The genius of the Christian perspective is that it explains both greatness and misery without exalting one above the other. Our nobility, expressed in the achievements of thought, for example, is due to our divine image. Because of this, we transcend the rest of creation. Yet we abuse our greatest endowments, wasting our God-given skills on trivia and diversions, because we know we will die and do not know what to do about it. We are the corruption of a former original. Pascal says:
The point is that if man had never been corrupted, he would, in his innocence, confidently enjoy both truth and felicity, and, if man had never been anything but corrupt, he would have no idea either of truth or bliss. But unhappy as we are (and we should be less so if there were no element of greatness in our condition) we have an idea of happiness but we cannot attain it. We perceive an image of the truth and possess nothing but falsehood.
In other words, we are royal ruins: We possess some truth, but we cannot rest content in what we naturally know; we feel our own corruption, and in so doing, we realize the human condition is somehow abnormal, flawed and degenerate. In the context of surveying human greatness and misery in many dimensions of life, Pascal says:
It is the wretchedness of a great lord, the wretchedness of a dispossessed king.
The genius of the Christian perspective is that it explains both greatness and misery without exalting one above the other
In surveying human philosophies and non-Christian religions, Pascal notes that they either exalt humans at the expense of taking seriously their weaknesses or reduce humans to nothing at the expense of their significance. In Pascal's day, many were impressed by the philosophy of the Stoics, who asserted that humans were great in reason and courage and partook of the divine essence of the universe. Yet these Stoics made little allowance for human weakness, cruelty, uncertainty and fragility. Thus, they exalted greatness at the expense of misery.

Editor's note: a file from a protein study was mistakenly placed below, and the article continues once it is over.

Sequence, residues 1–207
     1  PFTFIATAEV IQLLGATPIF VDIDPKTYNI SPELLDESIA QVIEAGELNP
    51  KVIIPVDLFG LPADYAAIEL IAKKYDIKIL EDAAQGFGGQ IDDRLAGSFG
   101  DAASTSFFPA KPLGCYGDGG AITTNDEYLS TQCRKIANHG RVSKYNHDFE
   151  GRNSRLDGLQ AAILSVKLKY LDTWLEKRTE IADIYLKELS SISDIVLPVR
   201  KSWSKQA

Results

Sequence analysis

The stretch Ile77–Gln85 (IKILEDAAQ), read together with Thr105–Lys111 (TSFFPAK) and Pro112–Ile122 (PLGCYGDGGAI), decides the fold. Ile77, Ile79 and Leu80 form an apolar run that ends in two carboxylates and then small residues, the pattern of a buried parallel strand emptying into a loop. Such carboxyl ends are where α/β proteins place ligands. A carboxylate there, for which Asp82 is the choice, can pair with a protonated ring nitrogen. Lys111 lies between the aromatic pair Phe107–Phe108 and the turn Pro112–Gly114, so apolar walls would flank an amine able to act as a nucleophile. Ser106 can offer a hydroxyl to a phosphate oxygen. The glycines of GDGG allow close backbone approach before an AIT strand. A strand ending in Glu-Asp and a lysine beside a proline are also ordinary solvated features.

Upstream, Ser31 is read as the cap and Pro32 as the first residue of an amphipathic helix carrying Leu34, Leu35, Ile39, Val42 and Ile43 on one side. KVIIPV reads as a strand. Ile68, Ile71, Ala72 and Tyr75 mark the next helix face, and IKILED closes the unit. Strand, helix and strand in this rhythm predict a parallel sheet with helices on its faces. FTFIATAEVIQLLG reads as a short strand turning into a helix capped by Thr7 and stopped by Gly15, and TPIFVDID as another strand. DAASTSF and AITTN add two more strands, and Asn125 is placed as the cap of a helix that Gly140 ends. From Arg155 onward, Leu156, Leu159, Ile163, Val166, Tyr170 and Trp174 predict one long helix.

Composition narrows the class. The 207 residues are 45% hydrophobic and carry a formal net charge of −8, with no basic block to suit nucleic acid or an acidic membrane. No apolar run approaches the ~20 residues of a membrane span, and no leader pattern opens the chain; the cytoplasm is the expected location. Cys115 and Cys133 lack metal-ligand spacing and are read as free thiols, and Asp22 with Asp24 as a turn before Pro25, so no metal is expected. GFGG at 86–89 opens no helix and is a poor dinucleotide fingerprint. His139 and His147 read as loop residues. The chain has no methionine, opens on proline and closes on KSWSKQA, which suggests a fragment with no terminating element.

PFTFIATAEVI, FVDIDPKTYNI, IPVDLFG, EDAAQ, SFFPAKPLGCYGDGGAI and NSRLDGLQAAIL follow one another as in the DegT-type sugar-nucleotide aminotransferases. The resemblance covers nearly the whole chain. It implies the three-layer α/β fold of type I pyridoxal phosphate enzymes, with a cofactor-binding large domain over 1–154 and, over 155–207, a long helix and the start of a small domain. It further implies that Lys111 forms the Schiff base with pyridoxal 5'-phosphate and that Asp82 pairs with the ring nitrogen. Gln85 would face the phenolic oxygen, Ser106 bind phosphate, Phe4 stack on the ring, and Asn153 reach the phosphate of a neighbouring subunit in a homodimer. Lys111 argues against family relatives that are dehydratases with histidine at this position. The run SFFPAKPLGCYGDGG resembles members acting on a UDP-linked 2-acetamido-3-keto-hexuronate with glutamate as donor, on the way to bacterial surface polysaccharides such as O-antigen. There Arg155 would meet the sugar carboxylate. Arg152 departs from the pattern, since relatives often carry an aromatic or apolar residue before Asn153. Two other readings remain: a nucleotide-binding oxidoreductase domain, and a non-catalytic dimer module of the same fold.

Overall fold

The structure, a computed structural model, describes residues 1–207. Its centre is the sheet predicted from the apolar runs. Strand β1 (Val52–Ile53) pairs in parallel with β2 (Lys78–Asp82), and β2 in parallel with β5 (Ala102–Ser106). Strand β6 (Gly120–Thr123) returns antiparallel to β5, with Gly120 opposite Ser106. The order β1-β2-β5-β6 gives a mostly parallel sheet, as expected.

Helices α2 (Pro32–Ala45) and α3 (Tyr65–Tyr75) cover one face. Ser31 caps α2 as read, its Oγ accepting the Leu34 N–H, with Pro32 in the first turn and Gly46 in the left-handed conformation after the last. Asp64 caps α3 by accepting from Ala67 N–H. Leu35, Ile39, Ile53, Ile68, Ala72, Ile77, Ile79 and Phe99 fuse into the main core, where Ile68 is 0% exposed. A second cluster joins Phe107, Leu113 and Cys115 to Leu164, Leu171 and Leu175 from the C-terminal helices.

On the other hand, various skeptics, such as Michel Montaigne (1533-1592), delighted in showing the weakness of human reason and the arrogance of our pretensions. Yet the skeptics downplayed our ability to reason properly and the significance of human achievements in science, art and elsewhere. As Pascal said, they should have been more skeptical of their skepticism.
The New Spirituality & India's Caste System
While the specific writers that Pascal addressed are not commonly discussed today, the tendency either to overrate or underrate humanity is still with us. Many examples abound, but I will briefly inspect one worldview that overrates humanity: the New Spirituality.
The New Spirituality is an amalgamation of ideas drawn from many sources. But whether it is the best-selling book, The Secret (hawked by Oprah Winfrey), or the movie, What the Bleep Do We (K)now!?, the New Spirituality claims we are divine beings who can tap into unlimited potential through a change in consciousness (in this way, it is similar to Stoicism). We are limited not by our sinful condition, but only by negative thought patterns. The 'secret' of The Secret is "the law of attraction" – we attract good things to ourselves through positive thoughts and negative things to ourselves through negative thoughts.